B: 1s2, 2s2, 2p1

C: 1s2, 2s2, 2p2

N: 1s2, 2s2, 2p3 ← 2p shell half filled

O: 1s2, 2s2, 2p4

F: 1s2, 2s2, 2p5

Ne: 1s2, 2s2, 2p6 ← 2p shell filled

You will be tempted to ask, with all those intersecting orbitals (which may not be drawn to scale, by the way), won't the electrons collide? Don't fall into that trap. Electrons don't act like particles when bound to atoms. There is avoidance of a sort, of course. Electrons must be spin paired; the spin pairs must live in different sub-orbitals; and negatively charged electrons repel each other in any situation.

Moving on to larger atoms, we start the process over again with n=3 (we're out of orbitals in the n=2 shell). Once we work through the 3s and 3p electrons (8 in all) we start filling the 3d orbitals ... except that there's a little kink. What really happens is that energy levels are always filled by the next highest level. It turns out that there's a bit of swapping of levels from what is expected. As an example, the electron configuration of Krypton is:

Kr: 1s2, 2s2, 2p6, 3s2, 3p6, 4s2, 3d10, 4p6

Notice that the 3d orbitals (5 of them) are filled between the 4s and 4p orbitals. We need to get to the bottom of that and find an easy way to remember it.

Sorting the energy levels

When the Schrödinger equation is solved for the H-atom, the energy-level pattern for the upper levels does some unexpected things, and we've just got to get used to it. Take a look at the levels at the left. The levels are not necessarily spaced to scale, but the ordering is correct.

Each line in the figure represents a sub-orbital that can hold two spin-paired electrons.

Notice that the 4s level falls right between the 3p and 3d, breaking the logical sequence. It happens farther up, too. From the point of view of the Schrödinger equation, this glitch makes perfect sense but it does make things harder to remember for us ... except that there's a handy trick.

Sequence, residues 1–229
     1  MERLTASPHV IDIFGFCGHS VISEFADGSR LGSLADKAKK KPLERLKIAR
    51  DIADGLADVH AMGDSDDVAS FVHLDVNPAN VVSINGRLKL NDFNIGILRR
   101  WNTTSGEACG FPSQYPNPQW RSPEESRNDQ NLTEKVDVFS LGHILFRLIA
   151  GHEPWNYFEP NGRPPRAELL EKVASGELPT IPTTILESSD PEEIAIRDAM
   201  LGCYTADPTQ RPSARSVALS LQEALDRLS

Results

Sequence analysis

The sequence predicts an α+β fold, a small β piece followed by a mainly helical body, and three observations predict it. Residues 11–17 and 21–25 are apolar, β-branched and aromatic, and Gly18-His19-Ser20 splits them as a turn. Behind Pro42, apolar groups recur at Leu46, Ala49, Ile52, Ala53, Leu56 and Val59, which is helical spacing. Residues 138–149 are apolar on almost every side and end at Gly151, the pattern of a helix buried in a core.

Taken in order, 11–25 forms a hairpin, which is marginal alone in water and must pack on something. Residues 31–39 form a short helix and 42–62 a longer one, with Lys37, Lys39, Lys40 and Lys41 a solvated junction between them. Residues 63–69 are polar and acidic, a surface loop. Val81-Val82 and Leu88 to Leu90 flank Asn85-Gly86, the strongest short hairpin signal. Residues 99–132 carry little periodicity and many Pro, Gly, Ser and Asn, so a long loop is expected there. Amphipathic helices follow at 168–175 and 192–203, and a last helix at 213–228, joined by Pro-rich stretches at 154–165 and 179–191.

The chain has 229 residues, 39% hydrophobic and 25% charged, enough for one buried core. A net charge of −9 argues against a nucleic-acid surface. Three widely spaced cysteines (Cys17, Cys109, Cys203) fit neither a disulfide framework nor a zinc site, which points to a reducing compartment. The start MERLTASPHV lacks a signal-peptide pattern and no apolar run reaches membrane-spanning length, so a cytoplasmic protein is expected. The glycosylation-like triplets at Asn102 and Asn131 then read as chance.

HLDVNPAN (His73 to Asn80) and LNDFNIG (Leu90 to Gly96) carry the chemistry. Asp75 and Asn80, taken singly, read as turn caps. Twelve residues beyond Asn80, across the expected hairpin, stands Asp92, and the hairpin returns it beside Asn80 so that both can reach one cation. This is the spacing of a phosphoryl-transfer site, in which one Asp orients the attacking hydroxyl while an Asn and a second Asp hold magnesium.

The diagonal rule

The diagonal rule makes remembering the energy level ordering easy. If you can remember how to write the levels in their logical order like this, then draw in the diagonal lines.

Now following the red arrows from upper right to lower left gives you the exact ordering. It's an easy way to remember.

Now given the number of electrons in an atom, you should be able to write the electron configuration.

Practice problems

Write the electron configurations of these atoms and ions. Remember that anions contain more electrons than a neutral atom and cations contain fewer. The configurations of the atoms/ions on the right use shorthand notation. Rollover or click the buttons to see the answer.

In the next section we'll use electron configuration to make sense of the periodic table, the most valuable tool we have as chemists.


SI units

SI stands for Système international (of units). In 1960, the SI system of units was published as a guide to the preferred units to use for a variety of quantities. Here are some common SI units